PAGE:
Eliminating Apathy in the Workplace

Whether you’re in upper-level management, a long-time and experienced employee, or brand new to your organization, you’ve most likely personally experienced apathy in the workplace. Merriam-Webster defines apathy as the lack of interest or concern: indifference.” Regardless of the field, people across the nation struggle to overcome this feeling – or more accurately, this absence of feeling. It leaves many feeling unmotivated, stuck, and disconnected from the rest of their organization.

If this is striking any chords, you may be asking yourself if it’s time for a career or company change. The reality is that every workplace experiences bouts of apathy from time to time. The good news is that, regardless of your title, you have a say in organizational culture. To successfully see a transformed environment, change often begins with you. 

Identify the source. 

Apathy may be the result of a number of causes, physical or psychological. The challenge is finding where the lack of interest began. If the overall environment displays a uniform apathetic culture, vision may not be communicated within the organization. If you’re personally experiencing apathy, begin by asking yourself questions about the environment and your personal work habits. Why did you first accept the position? What about your work is not meeting your expectations? Which of your specific work habits are contributing to positive or negative thinking about your role?

What is your “why”?

This is one of the most fundamental questions to ask yourself. Find something about the work you do that you can be passionate about! Perhaps the overall mission of your organization brings you a sense of purpose. Or maybe everyday you look forward to seeing the people you work alongside. Has there ever been a time that a customer or client shared how a project you contributed to made a positive impact? Whatever the case, identify that one thing that never ceases to make you smile.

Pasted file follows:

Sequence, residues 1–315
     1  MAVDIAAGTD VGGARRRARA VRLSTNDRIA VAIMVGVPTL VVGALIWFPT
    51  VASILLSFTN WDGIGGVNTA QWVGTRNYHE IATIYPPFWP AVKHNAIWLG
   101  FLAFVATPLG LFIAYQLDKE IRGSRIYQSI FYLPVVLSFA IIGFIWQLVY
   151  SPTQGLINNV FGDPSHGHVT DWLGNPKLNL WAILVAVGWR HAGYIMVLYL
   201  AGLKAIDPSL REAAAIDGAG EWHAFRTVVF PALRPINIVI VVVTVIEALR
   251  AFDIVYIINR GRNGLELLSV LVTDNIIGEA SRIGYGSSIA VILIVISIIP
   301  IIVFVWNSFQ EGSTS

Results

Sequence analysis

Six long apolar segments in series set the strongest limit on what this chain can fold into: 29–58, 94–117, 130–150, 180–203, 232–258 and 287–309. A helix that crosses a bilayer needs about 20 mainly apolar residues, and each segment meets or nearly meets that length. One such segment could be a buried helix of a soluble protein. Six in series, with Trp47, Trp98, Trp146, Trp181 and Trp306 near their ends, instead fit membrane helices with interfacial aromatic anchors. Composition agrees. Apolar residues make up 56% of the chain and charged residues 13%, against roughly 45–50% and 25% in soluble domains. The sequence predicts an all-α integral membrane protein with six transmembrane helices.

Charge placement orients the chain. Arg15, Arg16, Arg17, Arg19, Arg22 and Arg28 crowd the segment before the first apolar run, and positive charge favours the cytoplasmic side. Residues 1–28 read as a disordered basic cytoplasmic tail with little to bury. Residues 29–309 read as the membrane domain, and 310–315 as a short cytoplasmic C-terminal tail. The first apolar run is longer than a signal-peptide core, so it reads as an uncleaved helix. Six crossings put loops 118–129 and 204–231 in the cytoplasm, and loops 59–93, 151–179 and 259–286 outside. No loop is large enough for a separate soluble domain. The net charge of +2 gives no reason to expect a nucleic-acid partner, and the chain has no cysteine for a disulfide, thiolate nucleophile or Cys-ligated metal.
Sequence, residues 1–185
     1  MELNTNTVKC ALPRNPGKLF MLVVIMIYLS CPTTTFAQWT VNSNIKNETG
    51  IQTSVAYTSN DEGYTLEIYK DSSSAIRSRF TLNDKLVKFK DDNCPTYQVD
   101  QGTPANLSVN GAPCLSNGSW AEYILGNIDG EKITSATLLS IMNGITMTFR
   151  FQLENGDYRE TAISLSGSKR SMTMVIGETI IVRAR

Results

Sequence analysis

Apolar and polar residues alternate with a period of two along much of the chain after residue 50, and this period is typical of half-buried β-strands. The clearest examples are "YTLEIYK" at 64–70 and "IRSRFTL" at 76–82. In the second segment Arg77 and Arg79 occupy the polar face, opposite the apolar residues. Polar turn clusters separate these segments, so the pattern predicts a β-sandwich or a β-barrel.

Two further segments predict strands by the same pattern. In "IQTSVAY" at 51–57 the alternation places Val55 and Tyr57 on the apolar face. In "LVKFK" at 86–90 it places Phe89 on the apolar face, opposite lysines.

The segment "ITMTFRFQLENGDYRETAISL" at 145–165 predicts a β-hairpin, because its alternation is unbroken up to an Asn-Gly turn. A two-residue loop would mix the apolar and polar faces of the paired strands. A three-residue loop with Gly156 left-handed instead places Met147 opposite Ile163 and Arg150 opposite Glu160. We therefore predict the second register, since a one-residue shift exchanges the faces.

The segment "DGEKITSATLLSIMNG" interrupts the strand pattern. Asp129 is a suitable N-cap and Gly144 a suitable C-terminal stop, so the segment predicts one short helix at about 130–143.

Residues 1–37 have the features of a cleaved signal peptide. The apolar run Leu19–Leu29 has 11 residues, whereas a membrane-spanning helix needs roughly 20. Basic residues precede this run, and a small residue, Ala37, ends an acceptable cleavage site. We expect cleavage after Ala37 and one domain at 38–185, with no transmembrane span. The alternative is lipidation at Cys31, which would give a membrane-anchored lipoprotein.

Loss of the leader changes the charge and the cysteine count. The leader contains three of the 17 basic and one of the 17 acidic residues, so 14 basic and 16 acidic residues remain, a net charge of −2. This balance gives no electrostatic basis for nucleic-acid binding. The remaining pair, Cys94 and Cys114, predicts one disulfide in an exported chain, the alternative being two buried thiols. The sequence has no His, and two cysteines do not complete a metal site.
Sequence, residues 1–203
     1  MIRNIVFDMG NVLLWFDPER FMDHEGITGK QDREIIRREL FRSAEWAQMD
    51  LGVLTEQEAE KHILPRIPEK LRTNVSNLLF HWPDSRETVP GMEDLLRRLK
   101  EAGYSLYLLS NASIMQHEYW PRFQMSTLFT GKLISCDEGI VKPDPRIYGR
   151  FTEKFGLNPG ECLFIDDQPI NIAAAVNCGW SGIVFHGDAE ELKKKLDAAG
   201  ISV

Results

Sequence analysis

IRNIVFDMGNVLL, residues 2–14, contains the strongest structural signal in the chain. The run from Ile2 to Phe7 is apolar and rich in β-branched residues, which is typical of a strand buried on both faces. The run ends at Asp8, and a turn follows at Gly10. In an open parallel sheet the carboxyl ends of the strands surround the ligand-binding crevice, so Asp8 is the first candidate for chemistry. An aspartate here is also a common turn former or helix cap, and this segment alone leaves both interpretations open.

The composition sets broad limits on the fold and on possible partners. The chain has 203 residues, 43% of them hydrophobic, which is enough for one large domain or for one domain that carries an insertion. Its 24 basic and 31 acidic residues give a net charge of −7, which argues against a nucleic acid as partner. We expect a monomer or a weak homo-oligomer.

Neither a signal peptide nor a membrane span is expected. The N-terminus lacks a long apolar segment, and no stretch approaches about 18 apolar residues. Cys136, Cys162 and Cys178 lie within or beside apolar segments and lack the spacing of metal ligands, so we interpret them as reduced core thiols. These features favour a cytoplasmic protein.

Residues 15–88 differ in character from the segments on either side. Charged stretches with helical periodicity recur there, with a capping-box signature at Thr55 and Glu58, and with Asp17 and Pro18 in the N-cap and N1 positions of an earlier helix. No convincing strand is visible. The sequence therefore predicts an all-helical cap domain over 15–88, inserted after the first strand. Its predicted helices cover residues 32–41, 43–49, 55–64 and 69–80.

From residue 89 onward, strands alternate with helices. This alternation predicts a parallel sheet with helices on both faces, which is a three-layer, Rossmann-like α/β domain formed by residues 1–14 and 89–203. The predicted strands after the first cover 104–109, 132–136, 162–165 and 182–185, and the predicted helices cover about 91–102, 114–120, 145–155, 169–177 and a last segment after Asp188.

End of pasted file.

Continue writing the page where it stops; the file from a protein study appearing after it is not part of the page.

Find purpose in the mundane.

Once you’ve answered your “why”, connect it to the mundane tasks you find yourself in. Especially after working in a position for a substantial period of time, it can be difficult to find personal incentive to carry out the everyday, repetitive tasks. To increase motivation, change the way you think about these responsibilities by connecting them to the overall business success. Ask yourself how each project you are assigned contributes to the well-being of the organization and staff. What would the company look like if someone wasn’t completing these tasks?

Bring others in.

Now that you’ve successfully answered these questions for yourself, it’s time to pull others in with the vision. Find ways to share your new perspective with coworkers and supervisors. You don’t need a title or position to be a leader in your organization. Begin asking engaging questions. Set goals for yourself and for your team. Inspire passion and communicate the vision.